Weekend Property

Unsettled economic climate will keep Hong Kong rental market under pressure

Soft sector likely to remain in place for some time as price correction continues

PUBLISHED : Friday, 17 June, 2016, 9:56am
UPDATED : Friday, 17 June, 2016, 1:31pm

Buggle Lau is chief analyst at Midland Realty. He offers some insights on Hong Kong’s rental market for the rest of the year.

Do you think rents in the mass market will fall further this year, and what advice would you give to people who want to lease a home in the coming months?

Up to March, rents had corrected by about 8 per cent from their peak last September. Meanwhile, residential prices had slid from 10 to 12 per cent. Rents are still going down, mainly because the first and fourth quarters of the year are quiet periods, because of Christmas and Lunar New Year, when many tenants tend to stay put. Demand drops and there is not much supply. As you know, supply comes from the primary and secondary markets. According to statistics, 5,800 units were completed from the fourth quarter of last year to the first quarter of this year. For investors who get the keys to their new apartments, their top priority is to rent them out, so that they can start collecting rental yields. So, there are a number of units available. As the supply increases, rents are bound to drop. I would suggest to prospective renters that they should be sure of which area they want to live in, and then go for a reasonably priced flat.


If you think that property prices in the secondary or primary market in the area you want to live fit your budget then definitely go for it. Don’t wait and watch as you never know when prices might shoot up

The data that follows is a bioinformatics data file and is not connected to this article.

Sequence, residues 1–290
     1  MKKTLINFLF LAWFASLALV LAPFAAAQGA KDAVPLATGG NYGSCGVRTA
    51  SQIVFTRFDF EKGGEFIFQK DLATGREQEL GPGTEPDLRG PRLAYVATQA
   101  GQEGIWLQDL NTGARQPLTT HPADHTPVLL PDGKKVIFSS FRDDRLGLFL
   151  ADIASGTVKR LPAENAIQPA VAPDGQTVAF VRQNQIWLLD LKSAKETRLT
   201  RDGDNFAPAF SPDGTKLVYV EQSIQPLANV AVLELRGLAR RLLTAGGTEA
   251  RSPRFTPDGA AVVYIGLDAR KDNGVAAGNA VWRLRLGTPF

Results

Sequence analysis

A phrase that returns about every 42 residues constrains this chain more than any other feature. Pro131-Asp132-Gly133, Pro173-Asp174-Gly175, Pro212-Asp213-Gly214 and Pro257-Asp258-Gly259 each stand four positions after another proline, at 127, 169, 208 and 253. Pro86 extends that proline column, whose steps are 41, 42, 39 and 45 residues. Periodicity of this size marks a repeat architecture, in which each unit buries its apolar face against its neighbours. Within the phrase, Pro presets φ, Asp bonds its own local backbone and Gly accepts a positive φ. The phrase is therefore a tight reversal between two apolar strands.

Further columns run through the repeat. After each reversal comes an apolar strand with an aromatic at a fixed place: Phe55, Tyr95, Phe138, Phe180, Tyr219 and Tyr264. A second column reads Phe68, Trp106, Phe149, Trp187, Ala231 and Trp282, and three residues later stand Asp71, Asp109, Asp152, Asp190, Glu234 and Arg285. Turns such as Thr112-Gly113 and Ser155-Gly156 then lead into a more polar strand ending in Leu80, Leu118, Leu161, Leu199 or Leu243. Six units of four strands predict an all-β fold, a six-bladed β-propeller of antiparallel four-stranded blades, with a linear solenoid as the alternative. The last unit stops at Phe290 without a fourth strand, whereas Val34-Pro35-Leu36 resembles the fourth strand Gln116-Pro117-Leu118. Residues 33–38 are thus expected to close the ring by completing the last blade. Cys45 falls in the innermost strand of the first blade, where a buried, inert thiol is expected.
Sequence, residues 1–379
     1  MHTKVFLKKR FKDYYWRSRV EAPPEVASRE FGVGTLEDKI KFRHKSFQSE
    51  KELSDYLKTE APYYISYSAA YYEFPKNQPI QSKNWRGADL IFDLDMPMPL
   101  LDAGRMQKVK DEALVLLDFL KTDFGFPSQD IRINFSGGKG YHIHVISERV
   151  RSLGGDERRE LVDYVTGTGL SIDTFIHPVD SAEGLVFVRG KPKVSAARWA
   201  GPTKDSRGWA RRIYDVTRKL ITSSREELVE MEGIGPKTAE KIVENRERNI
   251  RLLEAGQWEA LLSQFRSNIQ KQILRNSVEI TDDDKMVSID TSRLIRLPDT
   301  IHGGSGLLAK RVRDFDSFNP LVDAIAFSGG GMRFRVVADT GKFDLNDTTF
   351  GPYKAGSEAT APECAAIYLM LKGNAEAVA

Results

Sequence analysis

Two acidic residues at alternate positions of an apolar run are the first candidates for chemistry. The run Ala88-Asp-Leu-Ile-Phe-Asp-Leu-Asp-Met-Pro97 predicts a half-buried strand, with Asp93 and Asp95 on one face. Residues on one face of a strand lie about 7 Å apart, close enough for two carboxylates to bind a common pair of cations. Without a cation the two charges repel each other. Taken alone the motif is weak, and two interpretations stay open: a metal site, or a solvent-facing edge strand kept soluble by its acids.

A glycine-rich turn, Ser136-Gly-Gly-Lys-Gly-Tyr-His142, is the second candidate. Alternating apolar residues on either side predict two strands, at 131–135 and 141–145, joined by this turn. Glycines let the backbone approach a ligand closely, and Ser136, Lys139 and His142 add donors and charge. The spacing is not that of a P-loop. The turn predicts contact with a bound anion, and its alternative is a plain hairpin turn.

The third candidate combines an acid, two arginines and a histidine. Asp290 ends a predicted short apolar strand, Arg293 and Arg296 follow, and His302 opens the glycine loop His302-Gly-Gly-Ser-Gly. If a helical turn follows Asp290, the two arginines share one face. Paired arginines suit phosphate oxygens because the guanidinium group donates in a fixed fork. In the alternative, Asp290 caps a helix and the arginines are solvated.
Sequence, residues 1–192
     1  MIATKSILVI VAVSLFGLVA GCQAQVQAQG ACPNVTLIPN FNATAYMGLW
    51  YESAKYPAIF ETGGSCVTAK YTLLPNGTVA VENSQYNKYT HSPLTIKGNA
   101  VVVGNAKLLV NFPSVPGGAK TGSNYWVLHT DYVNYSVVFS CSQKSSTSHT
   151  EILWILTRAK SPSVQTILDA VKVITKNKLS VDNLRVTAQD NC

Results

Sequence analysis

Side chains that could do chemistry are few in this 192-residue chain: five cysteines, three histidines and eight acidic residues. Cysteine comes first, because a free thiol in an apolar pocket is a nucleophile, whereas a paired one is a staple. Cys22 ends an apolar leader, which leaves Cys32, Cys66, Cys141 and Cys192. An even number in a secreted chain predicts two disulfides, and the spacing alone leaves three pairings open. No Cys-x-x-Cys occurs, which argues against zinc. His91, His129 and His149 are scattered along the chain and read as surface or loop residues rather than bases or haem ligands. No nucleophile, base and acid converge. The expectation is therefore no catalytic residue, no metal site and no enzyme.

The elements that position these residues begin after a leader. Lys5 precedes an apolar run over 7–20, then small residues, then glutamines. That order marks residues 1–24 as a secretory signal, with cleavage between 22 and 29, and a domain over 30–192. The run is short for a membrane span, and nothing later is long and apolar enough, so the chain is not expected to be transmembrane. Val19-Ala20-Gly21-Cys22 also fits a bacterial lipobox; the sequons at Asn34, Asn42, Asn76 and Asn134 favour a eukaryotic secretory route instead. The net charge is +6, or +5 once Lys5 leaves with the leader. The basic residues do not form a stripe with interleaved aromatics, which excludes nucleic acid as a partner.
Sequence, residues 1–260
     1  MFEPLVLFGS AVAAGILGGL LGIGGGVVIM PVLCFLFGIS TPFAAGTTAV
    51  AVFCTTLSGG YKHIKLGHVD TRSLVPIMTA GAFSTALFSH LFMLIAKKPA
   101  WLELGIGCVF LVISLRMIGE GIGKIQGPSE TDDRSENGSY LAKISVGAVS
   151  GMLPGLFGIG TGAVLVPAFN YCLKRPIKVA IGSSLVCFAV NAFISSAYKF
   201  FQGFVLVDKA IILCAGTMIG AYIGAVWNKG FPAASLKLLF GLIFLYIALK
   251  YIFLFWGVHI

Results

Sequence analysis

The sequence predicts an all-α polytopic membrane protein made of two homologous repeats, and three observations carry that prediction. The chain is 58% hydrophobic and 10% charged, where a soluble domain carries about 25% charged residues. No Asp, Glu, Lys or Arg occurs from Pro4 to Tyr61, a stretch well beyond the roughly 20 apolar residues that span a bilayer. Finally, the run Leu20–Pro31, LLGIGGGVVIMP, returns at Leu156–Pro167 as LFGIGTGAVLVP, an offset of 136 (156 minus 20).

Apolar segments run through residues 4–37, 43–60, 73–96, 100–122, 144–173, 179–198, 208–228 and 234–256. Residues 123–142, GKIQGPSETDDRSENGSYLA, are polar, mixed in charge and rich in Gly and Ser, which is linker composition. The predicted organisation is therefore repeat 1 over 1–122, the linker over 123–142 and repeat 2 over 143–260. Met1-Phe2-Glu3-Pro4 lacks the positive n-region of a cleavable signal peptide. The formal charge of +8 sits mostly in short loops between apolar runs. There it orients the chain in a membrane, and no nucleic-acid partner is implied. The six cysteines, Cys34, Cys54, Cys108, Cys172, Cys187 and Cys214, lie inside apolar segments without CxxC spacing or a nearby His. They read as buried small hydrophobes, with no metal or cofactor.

Buggle Lau, chief analyst, Midland Realty

What are the reasons for the dip in rents in
Hong Kong, and do they also cut across into
mass and luxury housing?

One of the main reasons is that the economic climate in Hong Kong is not very promising. Also, the increase in supply of new units affects rents in the secondary market. Summer time is the most active period, as people rent during this time. Plus schools are closed and people can take some time off to look for new homes for rents. But new supply and sluggish economic conditions mean that rents will continue to be under pressure. I would say that towards the end of the year, rents would be soft. As far as rents in mass and luxury housing are concerned, I would say that mass housing is affected more. Luxury rents depend on expats, and so far they have not shown a sharp downward trend.

Will luxury rents take a dip in the coming months if more expats downsize?

If expats decide to downsize, or their employers reduce their rental allowances, and they have to move to mass housing, then things will change for the luxury market. Rents for the luxury market are dominated by professionals from the financial industry and, in recent times, a number of top-notch investment banks have reduced, or even scrapped, the housing allowance, which has affected rents in the luxury market. I would say that rents in the luxury property market are going to be soft.

Given a choice between renting and buying, what advice would you give?

If you think that property prices in the secondary
or primary market in the area you want to live fit your budget then definitely go for it. Don’t wait and watch, as you never know when prices might shoot up.